Rivian and the JDA appealed this decision, and on April 28, the Georgia Court of Appeals mostly reversed the decision of the lower court. And on July 13, the state's Supreme Court denied opponents' petition to review the Georgia Court of Appeals' decision.
"While yesterday's ruling was not what we wanted, there is still certainly much that has been learned, and much to be encouraged about moving forward," Wasendorf posted to the Our Communities Oppose Rivian Assembly Plant Facebook group on July 14. " ... It's not over yet."
Reaching equitable decarbonization
Other rural Southern towns currently making room for EV plants highlight the disconnect between business interests and concerns from some residents.
Residents in Moncure, North Carolina have voiced concerns over the construction of a 1,700-acre manufacturing plant for Vietnamese EV automaker VinFast. Unlike the Rivian plant in Georgia, the state of North Carolina is using eminent domain to seize nearly 30 homes, some businesses, and a church under roadway improvement plans from the North Carolina Department of Transportation.
"It's like having your heart ripped out," one Moncure resident, Lisa Palmer, told the Chatham News & Record. "This is about more than just me, this is my town. It hurts."
And in western Tennessee, a community of Black farmers is fighting for a fair sale price for parts of their land that lie within the development area of a new Ford EV and battery plant — land the Tennessee Department of Transportation is also trying to use eminent domain to acquire.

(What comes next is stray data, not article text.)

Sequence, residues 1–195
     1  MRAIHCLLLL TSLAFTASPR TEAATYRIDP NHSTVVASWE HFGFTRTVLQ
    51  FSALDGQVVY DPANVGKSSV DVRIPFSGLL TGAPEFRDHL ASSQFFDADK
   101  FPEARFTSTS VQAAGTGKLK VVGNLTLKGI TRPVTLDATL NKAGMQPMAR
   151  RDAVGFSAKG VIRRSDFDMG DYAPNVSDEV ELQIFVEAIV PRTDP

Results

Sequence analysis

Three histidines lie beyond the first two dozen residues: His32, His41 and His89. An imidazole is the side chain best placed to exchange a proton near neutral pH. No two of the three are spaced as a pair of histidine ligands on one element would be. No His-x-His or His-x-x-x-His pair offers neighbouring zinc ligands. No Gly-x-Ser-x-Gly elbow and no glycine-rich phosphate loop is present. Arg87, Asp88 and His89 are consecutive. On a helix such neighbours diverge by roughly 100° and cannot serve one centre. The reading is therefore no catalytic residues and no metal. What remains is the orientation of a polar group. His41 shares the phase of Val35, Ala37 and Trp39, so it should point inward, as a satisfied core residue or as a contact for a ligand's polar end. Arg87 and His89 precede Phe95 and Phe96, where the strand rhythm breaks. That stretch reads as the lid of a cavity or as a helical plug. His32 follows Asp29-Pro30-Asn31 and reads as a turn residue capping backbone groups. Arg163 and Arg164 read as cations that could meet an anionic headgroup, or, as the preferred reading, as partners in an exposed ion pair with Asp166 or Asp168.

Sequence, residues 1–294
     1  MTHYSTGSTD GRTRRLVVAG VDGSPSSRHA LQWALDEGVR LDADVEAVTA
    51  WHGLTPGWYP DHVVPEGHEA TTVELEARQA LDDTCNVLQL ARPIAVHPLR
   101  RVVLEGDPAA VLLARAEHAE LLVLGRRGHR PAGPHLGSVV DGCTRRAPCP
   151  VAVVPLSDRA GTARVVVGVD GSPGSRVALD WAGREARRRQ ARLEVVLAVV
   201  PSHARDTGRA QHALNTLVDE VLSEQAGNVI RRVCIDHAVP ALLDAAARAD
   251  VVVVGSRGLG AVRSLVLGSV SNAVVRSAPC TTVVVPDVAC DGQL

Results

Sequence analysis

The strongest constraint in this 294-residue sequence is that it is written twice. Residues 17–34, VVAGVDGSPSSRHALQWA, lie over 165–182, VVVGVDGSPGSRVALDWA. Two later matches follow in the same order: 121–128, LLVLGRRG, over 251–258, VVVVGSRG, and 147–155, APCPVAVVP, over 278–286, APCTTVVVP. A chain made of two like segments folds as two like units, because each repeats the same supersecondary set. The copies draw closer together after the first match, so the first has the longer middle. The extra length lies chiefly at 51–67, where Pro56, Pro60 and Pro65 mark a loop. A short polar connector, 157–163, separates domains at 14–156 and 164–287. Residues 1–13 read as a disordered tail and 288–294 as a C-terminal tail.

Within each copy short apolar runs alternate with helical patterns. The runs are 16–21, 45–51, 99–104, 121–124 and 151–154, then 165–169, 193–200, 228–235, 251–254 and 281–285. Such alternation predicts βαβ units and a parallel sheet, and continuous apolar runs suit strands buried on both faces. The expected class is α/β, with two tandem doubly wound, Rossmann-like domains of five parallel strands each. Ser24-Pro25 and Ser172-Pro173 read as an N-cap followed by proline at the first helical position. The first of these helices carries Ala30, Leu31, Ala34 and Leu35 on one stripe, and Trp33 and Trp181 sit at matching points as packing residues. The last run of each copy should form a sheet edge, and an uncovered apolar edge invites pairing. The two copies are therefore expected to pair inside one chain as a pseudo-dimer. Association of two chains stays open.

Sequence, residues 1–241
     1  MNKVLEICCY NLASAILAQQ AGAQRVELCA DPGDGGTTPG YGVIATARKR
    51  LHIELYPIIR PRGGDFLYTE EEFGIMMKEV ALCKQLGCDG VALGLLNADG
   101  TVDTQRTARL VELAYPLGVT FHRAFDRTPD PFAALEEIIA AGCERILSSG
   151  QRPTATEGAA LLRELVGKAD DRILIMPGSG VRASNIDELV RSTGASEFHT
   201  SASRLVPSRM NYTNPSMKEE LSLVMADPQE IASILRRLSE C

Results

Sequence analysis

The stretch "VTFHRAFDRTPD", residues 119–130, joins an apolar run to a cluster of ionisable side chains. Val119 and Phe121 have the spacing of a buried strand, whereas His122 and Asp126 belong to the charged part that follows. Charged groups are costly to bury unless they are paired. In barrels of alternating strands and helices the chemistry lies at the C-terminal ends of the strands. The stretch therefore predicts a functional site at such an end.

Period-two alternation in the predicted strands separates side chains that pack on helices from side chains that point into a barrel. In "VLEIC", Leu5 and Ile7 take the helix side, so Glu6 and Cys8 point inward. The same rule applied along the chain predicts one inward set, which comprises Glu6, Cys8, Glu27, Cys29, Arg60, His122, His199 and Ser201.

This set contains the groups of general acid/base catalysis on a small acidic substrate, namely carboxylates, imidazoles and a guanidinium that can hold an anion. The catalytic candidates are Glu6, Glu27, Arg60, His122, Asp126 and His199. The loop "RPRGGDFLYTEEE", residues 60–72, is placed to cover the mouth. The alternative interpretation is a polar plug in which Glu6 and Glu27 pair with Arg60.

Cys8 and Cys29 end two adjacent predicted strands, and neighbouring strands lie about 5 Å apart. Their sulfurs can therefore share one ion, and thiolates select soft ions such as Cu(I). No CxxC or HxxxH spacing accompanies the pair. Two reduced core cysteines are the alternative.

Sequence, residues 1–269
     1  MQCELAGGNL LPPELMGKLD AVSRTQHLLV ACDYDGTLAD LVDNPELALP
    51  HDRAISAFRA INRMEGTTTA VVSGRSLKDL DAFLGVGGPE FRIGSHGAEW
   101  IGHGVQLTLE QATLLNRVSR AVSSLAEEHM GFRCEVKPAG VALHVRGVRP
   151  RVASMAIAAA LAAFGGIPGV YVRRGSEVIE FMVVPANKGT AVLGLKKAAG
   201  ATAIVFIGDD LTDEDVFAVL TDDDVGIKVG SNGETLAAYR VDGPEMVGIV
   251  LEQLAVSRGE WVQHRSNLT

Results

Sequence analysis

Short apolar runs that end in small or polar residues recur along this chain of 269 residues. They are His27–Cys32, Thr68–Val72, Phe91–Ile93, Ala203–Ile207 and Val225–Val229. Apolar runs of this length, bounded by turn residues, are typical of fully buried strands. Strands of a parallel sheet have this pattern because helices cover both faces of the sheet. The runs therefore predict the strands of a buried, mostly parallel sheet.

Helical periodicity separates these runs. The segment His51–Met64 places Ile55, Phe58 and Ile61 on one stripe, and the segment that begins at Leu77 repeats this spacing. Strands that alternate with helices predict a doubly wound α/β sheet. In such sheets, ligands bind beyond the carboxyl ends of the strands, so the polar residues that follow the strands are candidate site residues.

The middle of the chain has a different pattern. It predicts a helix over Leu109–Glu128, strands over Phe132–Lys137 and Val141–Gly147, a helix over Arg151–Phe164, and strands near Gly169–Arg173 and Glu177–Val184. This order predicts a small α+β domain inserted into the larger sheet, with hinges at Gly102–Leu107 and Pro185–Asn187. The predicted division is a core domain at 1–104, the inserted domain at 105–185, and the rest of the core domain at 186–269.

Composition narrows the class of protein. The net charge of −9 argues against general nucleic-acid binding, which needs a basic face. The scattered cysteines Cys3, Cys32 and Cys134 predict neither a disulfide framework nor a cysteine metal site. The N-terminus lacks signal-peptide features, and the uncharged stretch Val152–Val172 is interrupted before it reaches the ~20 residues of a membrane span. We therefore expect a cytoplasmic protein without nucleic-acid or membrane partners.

A recent Nature Conservancy report titled Power of Place outlines recommendations for how the U.S. can build the infrastructure and clean energy projects needed to achieve net-zero carbon emissions by 2050 without negatively impacting environmentally-sensitive land or frontline communities — communities, the report notes, that are often located in rural areas.
"Inclusive, participatory planning processes are needed to ensure that economic and environmental benefits and burdens from decarbonization are shared equitably," the report's executive summary reads.
Failure to do so, warns the report, could cause backlash, ultimately hindering the clean energy transition. For those in the No2Rivian group, that means doing more than simply hosting joint development authority meetings open to the public, Wasendorf said.
"Our portion of the community is opposed to [the assembly plant] being here, not because it's in our backyard … but because it will drastically change our environment in our area," Wasendorf said. "I don't know if transparency would have made a huge difference. However, I do believe that regardless of the difference that would make, it's still the way [the JDA] ought to operate."
Transparency and business investments
Since assuming the governor's office in January 2019, Kemp's administration has been bullish in courting investments from electric automakers like Rivian. In his inaugural address, Kemp said he intends for "Georgia to be recognized as the electric mobility capital of America."
So far, Kemp has been successful in attracting out-of-state investment from EV and renewable energy companies. In January, the governor's office issued a press release announcing that Qcells, a Korean maker of solar panels, will more than double its production in Georgia through a $2.5 billion expansion of existing facilities in northwest Georgia. And in May 2022, Hyundai announced plans to open a battery and EV manufacturing plant near Savannah — the first of its kind in the U.S. for the Korean car company. Kia, which already had operations in West Point, Georgia, recently announced plans to start producing its EV9 SUV there, making it eligible for federal tax credits under the Inflation Reduction Act (IRA).